The root of these feelings of disappointment and outrage are ones rooted in the ignorance of the people like Muschietti who so quickly co-opt cultures they know and care nothing about. It would be easy, then, to say that this is a Hollywood problem, one that only the film industry needs to reckon with. But that would be a worse lie than the one told in IT: Chapter Two. The truth is, Native people in this country have never had their religions respected, by the film studios, by the government, or by the people they welcomed onto their land.
In 1714, when the English were attempting to colonize what is now known as Virginia, my people, the Saponi (now the Sappony) were a small band. We had our own religion, our own language, our own way of living. We were distinctly Saponi, in the same way that the Cherokee were distinctly Cherokee and the Iroquois were distinctly Iroquois. All separate cultures coexisting in communities established by our ancestors. I imagine it was a beautiful thing.
But, according to John Kincheloe’s 2019 book, Rediscovering Christanna: Native Worlds and Governor Spotswood’s Fort, that all changed from 1714 to 1717. The Saponi were forced to enter Fort Christanna, run by Virginia governor Alexander Spotswood, or face genocide. Once they had us within the walls of the camp, the English government and their religious institutions wiped our slate clean. They Christianized us. They forced us to speak English and discard our language. They took in the children and taught them the old ways were wrong and their new way was right. Within two decades, the Saponi way as we knew it was dangling by a thread, melding with the colonizer’s culture in a mix that will ring familiar to many Southern Native bands.
My tribe survived. Still staking out the land in southern Virginia and northeastern North Carolina, the majority of our tribal members are now predominantly some form of Southern Baptist, a direct result of what the English government sought some 300 years ago. We have no fluent speakers remaining, though through our annual youth camp we have slowly begun to reclaim the Tutelo-Saponi language word by word.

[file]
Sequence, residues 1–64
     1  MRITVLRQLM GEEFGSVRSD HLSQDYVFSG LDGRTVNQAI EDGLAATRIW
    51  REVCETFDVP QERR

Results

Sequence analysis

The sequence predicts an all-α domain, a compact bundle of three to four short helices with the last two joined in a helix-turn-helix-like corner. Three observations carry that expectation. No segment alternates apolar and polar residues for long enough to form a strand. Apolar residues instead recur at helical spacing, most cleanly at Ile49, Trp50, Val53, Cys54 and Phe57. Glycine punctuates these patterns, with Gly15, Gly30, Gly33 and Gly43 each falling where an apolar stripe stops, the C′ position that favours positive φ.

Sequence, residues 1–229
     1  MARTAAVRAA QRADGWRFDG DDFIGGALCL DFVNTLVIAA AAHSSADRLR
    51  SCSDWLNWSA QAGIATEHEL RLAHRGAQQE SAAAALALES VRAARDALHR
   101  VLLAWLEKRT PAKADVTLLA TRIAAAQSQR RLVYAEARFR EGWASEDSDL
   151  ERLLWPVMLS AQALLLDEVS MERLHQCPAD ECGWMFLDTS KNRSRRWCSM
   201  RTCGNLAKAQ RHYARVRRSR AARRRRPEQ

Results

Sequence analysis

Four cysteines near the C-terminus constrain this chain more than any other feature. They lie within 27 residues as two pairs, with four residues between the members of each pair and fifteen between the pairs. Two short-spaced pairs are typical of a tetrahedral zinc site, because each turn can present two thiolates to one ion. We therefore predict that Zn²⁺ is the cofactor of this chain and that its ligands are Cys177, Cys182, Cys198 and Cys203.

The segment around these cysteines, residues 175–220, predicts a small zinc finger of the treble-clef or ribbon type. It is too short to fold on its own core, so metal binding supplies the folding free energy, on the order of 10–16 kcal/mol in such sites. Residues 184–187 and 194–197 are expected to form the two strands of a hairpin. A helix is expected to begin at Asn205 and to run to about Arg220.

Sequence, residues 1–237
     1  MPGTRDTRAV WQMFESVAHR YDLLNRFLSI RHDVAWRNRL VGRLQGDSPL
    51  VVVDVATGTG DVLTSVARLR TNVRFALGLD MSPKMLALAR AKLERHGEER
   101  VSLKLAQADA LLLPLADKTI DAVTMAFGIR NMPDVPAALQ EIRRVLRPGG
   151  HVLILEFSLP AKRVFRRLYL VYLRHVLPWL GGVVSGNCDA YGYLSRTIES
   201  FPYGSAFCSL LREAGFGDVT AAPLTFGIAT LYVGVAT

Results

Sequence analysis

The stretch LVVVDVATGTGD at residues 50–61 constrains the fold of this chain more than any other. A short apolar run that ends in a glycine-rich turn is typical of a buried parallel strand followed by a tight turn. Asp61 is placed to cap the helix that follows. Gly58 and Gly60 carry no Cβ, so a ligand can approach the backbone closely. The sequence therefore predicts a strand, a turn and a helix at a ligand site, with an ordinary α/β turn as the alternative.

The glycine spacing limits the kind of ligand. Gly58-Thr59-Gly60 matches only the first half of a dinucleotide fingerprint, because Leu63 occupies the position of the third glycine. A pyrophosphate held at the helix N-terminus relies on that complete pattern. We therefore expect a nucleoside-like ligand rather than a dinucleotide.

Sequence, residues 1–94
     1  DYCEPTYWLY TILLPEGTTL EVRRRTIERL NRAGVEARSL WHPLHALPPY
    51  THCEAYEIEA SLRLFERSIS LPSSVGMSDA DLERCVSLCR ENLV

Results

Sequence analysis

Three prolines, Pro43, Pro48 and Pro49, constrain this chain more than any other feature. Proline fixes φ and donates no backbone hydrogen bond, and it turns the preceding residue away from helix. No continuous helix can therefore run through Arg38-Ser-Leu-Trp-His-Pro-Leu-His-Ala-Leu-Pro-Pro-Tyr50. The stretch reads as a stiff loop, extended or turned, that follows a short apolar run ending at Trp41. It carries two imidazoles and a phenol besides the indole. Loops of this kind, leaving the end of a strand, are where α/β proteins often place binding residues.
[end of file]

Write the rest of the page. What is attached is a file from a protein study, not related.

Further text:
The most sobering aspect of this portion of the Sappony story is not that it is unique but that it is near-universal among smaller tribes. Across the continent, cultures that had thrived for millenia were, in an instant, very nearly dashed from existence. While the colonizers started this cultural genocide, the American government they formed merely continued and expedited the process. Only in the past half-century has the country even attempted to right this wrong.
By 1978, the United States federal government had been in the genocide business, cultural and physical, for two centuries. In the 20th Century version, federal boarding schools, often tied to religious institutions, snapped up Native kids, indoctrinating them with their purportedly superior American ideals. They cut their hair and burned their old clothes, toys, and religious items. As it would soon do to the land and its natural resources, the U.S. attempted to extract every last ounce of culture from an entire people. The idea was to take Native children who were still developing their sense of self, and forcibly make them forget how to pray, how to speak their own language—how to be Native. And for too long, the government proceeded largely unimpeded.
Forty-one years ago, to little fanfare from the American public or media, a bill was passed with Native people in mind, and for once, it wasn’t just about taking something from them. The law was the American Indian Religious Freedom Act. Approved by Congress and signed by President Jimmy Carter two months before the Indian Child Welfare Act, the legislation marked a rash of actions in the 1970s by U.S. politicians, starting with Richard Nixon, that served as a monumental shift in the federal government’s policy in relation to the Indigenous nations with which it shared its borders.
The Religious Freedom Act was drafted with this history in mind. Citing the way these actions violated the First Amendment, Congress sought to put an end to forced assimilation policies. For the Native nations who had been forced to hide their beliefs, it was a chance for a new start out in the open. They could finally again worship their gods and speak their languages without looking over their shoulder. Or at least that was the idea.